If you are too busy to put together a great ad you may want to consider hiring an expert to take this on so that it is done well. If you cannot afford to outsource this task to a professional, here are some ideas with the caveat you would have to oversee and approve the final sales ad:

· Ask a working student to do this as a part of their job. It’s an incredible experience to learn how to market sales horses as well as communicate with potential buyers.

· “Hire” a social media intern - there are many qualified college students looking for experience that might do this as an unpaid internship to boost or solidify experience on their resumes.

· Trade with a social media savvy client in exchange for lessons or training rides etc.

Get creative! There are lots of options. The bottom line is that if you want to have a sales program or even just have one or two horses for sale occasionally – you want your ads and your posts to reflect the professionalism of your brand.

If you have a large training and sales program, you may want to consider hiring a company like Athletux or Mythic Landing Enterprises to represent you and take on the task of creating, managing the ads and the marketing for your equestrian business. Both companies promote their clients’ horses on Mane Street Market as well.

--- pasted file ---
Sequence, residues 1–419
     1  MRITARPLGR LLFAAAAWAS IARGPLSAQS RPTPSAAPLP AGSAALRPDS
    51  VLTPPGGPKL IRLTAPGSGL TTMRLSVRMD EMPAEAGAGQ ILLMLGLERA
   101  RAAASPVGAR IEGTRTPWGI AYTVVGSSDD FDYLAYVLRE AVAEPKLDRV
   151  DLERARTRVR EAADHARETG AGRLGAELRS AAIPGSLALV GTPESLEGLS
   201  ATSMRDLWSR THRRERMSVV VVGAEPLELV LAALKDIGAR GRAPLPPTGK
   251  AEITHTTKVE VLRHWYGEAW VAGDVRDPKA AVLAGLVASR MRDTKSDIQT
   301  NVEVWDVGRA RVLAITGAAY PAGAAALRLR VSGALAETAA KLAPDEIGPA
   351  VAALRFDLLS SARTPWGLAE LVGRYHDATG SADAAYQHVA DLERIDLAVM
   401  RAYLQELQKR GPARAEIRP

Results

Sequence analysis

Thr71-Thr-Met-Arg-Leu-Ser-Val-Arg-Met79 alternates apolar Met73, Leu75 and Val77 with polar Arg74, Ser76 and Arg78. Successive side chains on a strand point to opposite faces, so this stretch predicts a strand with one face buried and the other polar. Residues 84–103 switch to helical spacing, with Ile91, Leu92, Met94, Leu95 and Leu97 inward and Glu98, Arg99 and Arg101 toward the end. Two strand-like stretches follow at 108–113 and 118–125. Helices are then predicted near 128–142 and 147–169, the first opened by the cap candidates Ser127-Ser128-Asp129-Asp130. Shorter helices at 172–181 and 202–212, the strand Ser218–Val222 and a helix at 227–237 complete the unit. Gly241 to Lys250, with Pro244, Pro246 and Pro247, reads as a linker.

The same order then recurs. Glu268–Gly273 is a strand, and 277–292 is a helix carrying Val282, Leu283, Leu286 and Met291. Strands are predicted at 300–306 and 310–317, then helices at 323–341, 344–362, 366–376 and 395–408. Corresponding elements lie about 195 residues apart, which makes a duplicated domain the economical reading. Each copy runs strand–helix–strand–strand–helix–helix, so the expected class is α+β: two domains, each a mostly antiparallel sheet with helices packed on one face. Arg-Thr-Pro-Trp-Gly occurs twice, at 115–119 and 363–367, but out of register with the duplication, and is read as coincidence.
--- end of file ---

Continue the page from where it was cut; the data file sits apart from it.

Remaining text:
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To wrap it up…. the seller’s goal is to get a qualified buyer to contact them after reading the ad. As the seller - before you post/publish it, go back and read it like you are in the market for that very horse. Ask these questions:

· Does it make sense to you?

· Is it compelling?

· Does it include all the necessary details that a buyer would want to know?

· Can it be easily shared?

If all the answers are “yes” then you are ready to post/publish! If you spend the time up front creating an effective ad, your chances are more likely that you will attract the right buyer and the horse will hopefully sell faster.

Please visit and/or download the free Mane Street Market app to see our available sales horses. Be sure and reach out to India at if you have questions about marketing your sales horse or equine service.

India Wilkinson | Mane Street Market
India Wilkinson

Article submitted by India Wilkinson

India Wilkinson is the creator of Mane Street Market which is an online marketplace (website and app) for sales horses and equine services in the U.S. and through recent expansion is now available in Canada, Ireland, and the U.K.